but similarity shows through;

when grandmother died
she and I were the same size

and someday she and I
will be the same size again.


spill the macaroni
while pouring it into the glass
to measure it

mini-elbow maggots
worming across the counter

spill the macaroni
while pouring it into the colander
to drain it

hot limp maggots
lounging in the sink

insist that all is well
through the "god damns"

set the dish on the table
and see after two mouthfuls
the before-meal medicine
lying in its foil packet

Night Window

face looming from the darkness

thrusting in a cold world
that makes me tremble here

you are looking into me
through your tunnel of light

but I cannot see
past your eyes

you are mute
the shadows between your lips
will not mime their pleasure

you are too struck
by the hollows behind me

and the freedom
of the dark shades
in my head


my entry today
was a sliver
in a careless hand

a noise
in the old song

a blotting pen
that spits
on its own creation

my words
as my existence

my meaning
as my concern

Nan Rush

Nan Rush is a poet and musician who has been published in Rolling Stone, Poets On, Yet Another Small Magazine, Thirteen, Cyclamens and Swords and Nebo.  In 2012, her poetry sequence “I Dress in Red” was published in the memoir anthology Impact.  Her poem “Schoolgirl” was published in Fall 2012 in the Adrienne Rich Tribute Anthology.  She has completed a short non-fiction book on her family, a fantasy novel, and is working on a memoir. 


I’m afeared I cain’t lift it
no more, the man said,
and looked like the tears’d jest
burst from his head.

Oh, shor you can, Pa,
his daughter replied.
Jest pick it up slowly –
and ride,

He gazed at her doubtfully,
fearfully, shy,
then picked it up slowly,
and tried,

I think that I done it,
he said with a spark,
as he lifted it, hefted it,
struck at her heart.

Pa, what’ve you done?
she moaned as she bled,
& he said, my arm’s weak still –
I’d aimed fer yer head.

Feng Shui

My entranceway is excellent
in its color composition,
but enter the house and the
furnishings aren’t
properly aligned,
don’t face the proper direction
for prosperity and happiness
to enter my life.

One answer to this problem
is to stand in the entranceway
all day.

And I could move my bed, so
the head
faces the door at
a right angle
instead of parallel to it.
I’m less vulnerable
to intruders that way,
and may end up
having more say
about who and what enters there.
Could easily close
the toilet lids
so energy doesn’t drain away –
There’s no one else here.

Could hang a mirror
over my stove,
since now my back’s
to the door and window,
But what if I saw someone there?
And my face reflected as I cook
might affect the stew.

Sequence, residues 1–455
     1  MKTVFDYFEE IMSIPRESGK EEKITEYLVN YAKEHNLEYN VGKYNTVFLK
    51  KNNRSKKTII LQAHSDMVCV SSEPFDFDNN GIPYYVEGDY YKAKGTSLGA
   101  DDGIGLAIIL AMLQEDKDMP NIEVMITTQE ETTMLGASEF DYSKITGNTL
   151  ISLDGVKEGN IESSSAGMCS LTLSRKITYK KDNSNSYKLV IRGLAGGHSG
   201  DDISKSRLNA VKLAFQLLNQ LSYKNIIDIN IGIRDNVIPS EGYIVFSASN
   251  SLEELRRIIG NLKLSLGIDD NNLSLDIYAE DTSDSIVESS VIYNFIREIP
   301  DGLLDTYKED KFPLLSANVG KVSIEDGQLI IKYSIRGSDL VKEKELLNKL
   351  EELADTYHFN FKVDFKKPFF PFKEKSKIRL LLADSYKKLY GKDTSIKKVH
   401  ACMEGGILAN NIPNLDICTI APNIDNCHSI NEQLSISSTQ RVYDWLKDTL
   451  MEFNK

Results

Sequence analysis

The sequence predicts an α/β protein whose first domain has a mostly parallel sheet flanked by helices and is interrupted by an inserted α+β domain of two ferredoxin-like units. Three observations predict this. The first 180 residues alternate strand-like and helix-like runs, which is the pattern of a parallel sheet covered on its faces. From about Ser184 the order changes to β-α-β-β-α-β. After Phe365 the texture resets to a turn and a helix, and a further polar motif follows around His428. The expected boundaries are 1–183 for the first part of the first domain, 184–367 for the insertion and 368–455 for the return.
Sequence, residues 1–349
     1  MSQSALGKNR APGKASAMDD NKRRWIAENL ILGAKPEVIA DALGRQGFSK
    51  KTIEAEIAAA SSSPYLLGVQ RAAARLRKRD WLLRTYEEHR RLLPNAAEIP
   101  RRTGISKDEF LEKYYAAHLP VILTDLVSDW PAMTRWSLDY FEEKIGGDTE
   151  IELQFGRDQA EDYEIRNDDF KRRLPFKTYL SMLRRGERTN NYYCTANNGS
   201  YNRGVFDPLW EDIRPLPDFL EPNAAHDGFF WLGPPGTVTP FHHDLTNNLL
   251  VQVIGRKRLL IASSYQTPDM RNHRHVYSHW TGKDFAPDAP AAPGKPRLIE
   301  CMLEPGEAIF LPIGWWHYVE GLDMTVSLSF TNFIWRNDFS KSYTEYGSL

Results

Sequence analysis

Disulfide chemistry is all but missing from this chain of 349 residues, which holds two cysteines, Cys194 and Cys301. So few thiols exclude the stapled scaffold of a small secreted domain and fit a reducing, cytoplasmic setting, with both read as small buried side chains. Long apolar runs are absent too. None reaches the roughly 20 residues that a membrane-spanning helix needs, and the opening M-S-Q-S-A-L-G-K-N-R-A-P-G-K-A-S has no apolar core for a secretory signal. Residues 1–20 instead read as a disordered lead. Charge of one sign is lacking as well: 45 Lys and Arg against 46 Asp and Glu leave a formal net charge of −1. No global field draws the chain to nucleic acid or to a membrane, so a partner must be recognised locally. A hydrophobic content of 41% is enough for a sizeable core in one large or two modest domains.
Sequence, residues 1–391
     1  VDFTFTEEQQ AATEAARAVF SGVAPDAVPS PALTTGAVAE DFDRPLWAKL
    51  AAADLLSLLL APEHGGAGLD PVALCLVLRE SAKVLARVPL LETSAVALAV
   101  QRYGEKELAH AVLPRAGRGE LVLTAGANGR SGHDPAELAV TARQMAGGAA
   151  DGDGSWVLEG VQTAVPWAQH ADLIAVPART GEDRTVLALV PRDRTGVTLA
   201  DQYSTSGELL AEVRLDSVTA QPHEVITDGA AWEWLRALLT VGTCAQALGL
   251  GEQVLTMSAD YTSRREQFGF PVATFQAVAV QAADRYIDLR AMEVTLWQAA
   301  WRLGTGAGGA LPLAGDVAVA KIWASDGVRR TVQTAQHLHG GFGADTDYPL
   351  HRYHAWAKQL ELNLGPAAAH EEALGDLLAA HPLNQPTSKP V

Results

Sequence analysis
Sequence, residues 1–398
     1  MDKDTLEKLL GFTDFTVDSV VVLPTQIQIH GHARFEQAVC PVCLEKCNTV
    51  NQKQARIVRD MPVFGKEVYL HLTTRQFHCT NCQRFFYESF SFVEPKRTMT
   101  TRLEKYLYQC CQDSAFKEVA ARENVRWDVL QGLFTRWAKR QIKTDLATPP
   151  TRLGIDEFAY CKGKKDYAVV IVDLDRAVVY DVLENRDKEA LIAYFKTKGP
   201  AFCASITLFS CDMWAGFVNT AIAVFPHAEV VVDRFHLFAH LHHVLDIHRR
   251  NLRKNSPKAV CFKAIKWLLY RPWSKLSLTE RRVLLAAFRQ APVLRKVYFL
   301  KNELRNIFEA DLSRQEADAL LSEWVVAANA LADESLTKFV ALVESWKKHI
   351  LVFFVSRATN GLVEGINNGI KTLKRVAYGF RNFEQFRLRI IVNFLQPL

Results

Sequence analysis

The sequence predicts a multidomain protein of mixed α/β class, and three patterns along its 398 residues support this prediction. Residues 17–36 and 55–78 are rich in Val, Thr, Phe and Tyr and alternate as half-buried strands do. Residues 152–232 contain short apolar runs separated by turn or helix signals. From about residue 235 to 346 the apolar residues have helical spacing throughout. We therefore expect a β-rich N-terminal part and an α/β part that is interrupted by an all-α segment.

There are repercussions
Anytime you move
something moves
in you.

Feng Shui.

The Splinter

The morning sun slips under my skin
as unexpectedly
and painfully
as a splinter.

I cannot remove it,
nor do I want to.

I need it there,
stabbing me,
reminding me


The Dick

Picture the dick trying to
solve the crime:
He pushes in, takes fingerprints,
prods into dark places,
says he has to
look there,
see what’s inside.

When you say
where’s your warrant,
he says
I don’t need one –
See these hands?
They’re used to finding
hidden from most men.
I have a talent for
unearthing guilt.
Let me in.

So you do.
You open your door
to the dick
and he, hardened
by past experience,
finds what he seeks.

Before you know it,

Neal  Whitman

Neal Whitman and his wife, Elaine, live in Pacific Grove, California, and in nearby Carmel, are docents at poet Robinson Jeffers Tor House. Neal writes Western and Japansese forms of poetry and, most of all, loves to collaborate with his wife, Elaine, combining his poetry with her visual and musical arts. Her photographs and collages grace several journals and anthologies that include Neal's poetry and well as their haiga: his haiku paired with her photographs. In public recitals, they mix his poetry with her classical and Native American flute.  


Shut in. Shut out.
Shut up. Shut down.
Dead as a dodo.
Dead as a door knob.
Make the door,
Make it fast.
No trespassing.
No soliciting.
Don't let the lies in.
Truth is a deadbolt
I live in a house
no one knows.
In my home
perfect silence
You want to catch
a mouse?
You got to think
like a mouse.
At midnight
scratchings in the wall.
In the morning
I check the trap.
No mouse.
No cheese.

Coastal Road Trip Post Cards Haiku

Start of our road trip––
Promise made to make it home
wherever we are.
      September 15

We climb over sand dunes
Ano Nuevo Reserve––